In Their Own Words: Reflections from the Last Responders

By Jamil Shabazz

In my bedroom, there is an old chifferobe in which I keep artifacts from my past. In the very back of the chifferobe there is a small cardboard box containing a stack of paper memorials—pamphlets from every funeral I have ever attended. I received my first funeral pamphlet on an overcast day in February of 2002. My grandfather Wali Shabazz had passed unexpectedly and I was engulfed in sorrow. The entire funeral is still largely a haze to me, but 18 years later two things stand out vividly in my mind, 1) Nathaniel Black singing with such conviction that my flesh trembled and 2) when it came time to read the obituary I remember hearing a voice filled with poise, authority and compassion. That was my first encounter with Mrs. Lequita J. Taylor. If there was ever anyone who could offer a sea of calm in this COVID-19 crisis it is Lequita and her husband Michael C. Taylor, Sr. who together they own and operate Taylor Funeral and Cremation Services, one of the preeminent African American mortuaries in Colorado. The pair started their business in 2003 with $150 and a prayer, today they are America’s dream, providing continuity and closure to families across the Denver metro area.

Being on the front line of this global pandemic, the Taylors sat down with DUS to discuss the unique experience of being a Last Responder(s).

DUS: Can you guide us through your first Coronavirus call?

MT:  When we got the first COVID case, I was kind of skeptical of it, because COVID-19 hadn’t really hit yet. It was still flu season and the governor hadn’t started locking things down.

LT: We got a call from this young man whose mother was visiting from New York when she passed away [from COVID]; he was trying to get her shipped back to New York. In our process as of one of the first things we have to ask, ‘Is this a COVID case?’ Once he said yes we had to start the process of trying to get the body shipped back to New York and deal with the COVID stuff at the same time. It was hectic, but we were able to get everything worked out for him and his mom.

DUS: What have been some of the adjustments COVID-19 has had on the way funeral services are conducted?

LT: I really need people to understand the seriousness of what is going on with COVID. We have funerals now where only a few people can come, and they are socially distanced in the sanctuary. We also livestream the service, but that’s not the same as being there. Families aren’t getting to love and physically be there in support of each other, like they used to. It’s hard to grieve that way.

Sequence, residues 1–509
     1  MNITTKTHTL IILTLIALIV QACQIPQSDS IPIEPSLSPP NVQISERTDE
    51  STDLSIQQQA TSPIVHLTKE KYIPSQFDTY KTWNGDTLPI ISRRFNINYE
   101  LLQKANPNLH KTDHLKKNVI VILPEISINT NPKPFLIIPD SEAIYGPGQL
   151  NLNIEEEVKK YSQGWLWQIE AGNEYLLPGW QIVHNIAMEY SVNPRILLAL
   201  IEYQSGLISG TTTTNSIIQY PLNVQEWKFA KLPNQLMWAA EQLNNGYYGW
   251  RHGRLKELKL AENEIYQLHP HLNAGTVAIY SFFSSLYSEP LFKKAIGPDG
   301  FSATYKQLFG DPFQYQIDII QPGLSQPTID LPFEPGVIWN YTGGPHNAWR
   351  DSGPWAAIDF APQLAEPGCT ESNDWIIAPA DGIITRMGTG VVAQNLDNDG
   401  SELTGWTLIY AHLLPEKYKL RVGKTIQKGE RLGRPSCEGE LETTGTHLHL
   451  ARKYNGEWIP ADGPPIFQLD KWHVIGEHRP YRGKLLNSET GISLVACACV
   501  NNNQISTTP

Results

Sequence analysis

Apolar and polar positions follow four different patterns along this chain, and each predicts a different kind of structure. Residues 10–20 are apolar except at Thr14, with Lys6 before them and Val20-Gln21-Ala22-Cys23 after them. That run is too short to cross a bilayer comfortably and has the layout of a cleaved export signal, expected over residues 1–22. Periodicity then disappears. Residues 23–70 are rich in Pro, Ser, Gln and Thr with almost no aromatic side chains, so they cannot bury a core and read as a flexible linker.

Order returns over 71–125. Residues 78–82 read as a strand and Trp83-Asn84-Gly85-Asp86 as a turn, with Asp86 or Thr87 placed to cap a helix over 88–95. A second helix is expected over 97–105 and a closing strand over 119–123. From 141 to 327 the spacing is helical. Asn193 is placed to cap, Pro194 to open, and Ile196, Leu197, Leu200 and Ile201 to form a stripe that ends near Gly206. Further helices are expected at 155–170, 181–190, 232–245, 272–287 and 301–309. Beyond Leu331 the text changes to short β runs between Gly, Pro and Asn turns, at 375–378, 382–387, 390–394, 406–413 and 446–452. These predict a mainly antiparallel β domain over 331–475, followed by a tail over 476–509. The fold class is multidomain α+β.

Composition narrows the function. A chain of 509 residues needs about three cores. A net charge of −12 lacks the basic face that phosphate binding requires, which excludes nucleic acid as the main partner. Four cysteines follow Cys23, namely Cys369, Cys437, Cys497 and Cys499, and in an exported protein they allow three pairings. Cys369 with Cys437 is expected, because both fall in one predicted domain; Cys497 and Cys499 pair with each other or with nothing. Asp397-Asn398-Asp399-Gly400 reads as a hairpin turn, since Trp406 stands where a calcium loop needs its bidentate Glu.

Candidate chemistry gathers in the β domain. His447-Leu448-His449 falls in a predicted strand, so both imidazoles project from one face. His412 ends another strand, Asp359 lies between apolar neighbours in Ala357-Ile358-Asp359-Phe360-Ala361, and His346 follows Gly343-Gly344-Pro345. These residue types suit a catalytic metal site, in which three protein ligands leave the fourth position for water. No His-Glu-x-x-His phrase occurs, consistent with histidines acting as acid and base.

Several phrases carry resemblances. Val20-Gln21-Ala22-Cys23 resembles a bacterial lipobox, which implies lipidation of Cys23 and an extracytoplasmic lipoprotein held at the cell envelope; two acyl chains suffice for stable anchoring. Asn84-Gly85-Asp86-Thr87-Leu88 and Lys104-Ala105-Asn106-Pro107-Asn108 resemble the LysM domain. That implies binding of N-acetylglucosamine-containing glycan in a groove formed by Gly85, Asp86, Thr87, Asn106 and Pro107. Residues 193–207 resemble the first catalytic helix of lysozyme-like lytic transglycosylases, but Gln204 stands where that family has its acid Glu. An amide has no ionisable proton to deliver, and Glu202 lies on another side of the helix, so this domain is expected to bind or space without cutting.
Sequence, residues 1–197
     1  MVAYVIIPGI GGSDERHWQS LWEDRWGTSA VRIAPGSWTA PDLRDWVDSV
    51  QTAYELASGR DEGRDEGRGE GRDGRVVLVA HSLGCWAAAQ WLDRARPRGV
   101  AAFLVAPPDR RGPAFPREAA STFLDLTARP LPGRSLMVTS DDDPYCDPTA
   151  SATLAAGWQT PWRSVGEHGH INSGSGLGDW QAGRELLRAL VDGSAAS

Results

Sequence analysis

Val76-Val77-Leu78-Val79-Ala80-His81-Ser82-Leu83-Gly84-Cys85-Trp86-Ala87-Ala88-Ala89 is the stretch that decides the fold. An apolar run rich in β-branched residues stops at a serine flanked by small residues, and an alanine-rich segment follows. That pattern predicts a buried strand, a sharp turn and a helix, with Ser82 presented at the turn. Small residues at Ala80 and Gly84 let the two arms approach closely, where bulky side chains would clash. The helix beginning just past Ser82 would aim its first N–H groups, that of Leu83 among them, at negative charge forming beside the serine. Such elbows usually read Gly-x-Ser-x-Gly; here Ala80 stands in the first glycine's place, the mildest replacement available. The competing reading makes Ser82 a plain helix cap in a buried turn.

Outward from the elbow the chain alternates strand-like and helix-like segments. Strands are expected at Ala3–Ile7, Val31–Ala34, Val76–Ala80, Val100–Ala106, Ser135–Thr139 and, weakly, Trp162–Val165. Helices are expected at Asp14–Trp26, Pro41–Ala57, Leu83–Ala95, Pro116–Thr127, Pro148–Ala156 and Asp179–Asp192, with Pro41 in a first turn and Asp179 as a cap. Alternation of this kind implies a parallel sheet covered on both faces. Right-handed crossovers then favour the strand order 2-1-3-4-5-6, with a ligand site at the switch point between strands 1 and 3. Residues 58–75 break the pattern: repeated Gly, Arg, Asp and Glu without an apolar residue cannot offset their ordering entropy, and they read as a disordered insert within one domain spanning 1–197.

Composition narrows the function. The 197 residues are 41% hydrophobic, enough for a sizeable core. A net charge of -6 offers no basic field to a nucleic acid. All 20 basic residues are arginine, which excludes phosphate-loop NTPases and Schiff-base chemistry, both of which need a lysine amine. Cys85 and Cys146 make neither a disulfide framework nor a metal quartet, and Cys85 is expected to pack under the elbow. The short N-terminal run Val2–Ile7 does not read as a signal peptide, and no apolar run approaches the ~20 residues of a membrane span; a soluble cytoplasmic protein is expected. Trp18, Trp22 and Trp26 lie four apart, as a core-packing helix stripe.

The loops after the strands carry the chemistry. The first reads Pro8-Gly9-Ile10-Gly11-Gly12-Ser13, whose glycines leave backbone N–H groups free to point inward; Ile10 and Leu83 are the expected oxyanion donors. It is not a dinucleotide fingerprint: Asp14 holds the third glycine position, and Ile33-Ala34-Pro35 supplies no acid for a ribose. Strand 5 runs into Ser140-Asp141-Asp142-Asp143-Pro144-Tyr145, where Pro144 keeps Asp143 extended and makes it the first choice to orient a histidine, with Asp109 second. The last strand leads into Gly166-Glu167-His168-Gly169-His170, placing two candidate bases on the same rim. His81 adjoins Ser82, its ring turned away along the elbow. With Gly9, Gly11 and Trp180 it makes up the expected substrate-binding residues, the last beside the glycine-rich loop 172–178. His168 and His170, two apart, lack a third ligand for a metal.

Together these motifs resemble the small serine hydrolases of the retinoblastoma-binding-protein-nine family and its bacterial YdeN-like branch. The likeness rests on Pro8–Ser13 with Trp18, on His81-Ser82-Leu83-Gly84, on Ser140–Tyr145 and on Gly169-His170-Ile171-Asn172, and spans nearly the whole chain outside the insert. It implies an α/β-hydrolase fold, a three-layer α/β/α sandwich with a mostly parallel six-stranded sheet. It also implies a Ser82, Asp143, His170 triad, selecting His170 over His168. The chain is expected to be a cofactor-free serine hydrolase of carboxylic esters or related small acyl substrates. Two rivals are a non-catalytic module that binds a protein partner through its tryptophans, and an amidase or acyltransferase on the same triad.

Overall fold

DUS: As a family owned and operated business, what steps are you taking to keep your family and employees safe?

MT: Lequita and I had to make some difficult decisions. We’ve had to separate the embalmers and the workers that prep the body, from the people that are on the front line making the arrangements. As the president, it would be reckless to put my wife, my son, my mother, my brother and my goddaughter in the path of avoidable harm.

DUS: As funeral directors, how has COVID-19 impacted you?

LT: We’ve handled 10 COVID deaths so far and we have 30 bodies right now. We usually average about 17 to 18 a month. People are dying all over the country, and it’s tough, because it’s tough on the families. When this COVID really started to spread, Michael and I could see the fear in people. It seemed like almost every day we were getting a death call, and we prayed to God for him to give us direction.

MT: It has affected us because we care about these families and not only have these people suffered a major economic blow most of them now have a catastrophic emotional event to deal with as well. I thank God we’re a family owned funeral home so we can work with them without taking advantage of the situation. I am grateful for what God has allowed us to do for these families. He provided us with the ability to livestream funerals almost five years ago, and we don’t charge a penny for streaming. You can see God had put that in place for this day.

DUS: Knowing what we know about COVID-19 and its impact on the Black community are there any final thoughts you’d like to share?

LT: Please keep social distancing, keep doing what you need to do to stay safe and keep your loved ones safe as well. We love you and we’re here to support you.

MT: Pray for us, not just me and Lequita, but all of the last responders all over the country. We ask that everyone continue to lift us up because we’re out here on the battlefield every day.

As we endure this time of uncertainty, we must love, pray and lift everyone up. And meeting the Taylors will be an addition to my chifferobe collection of memories.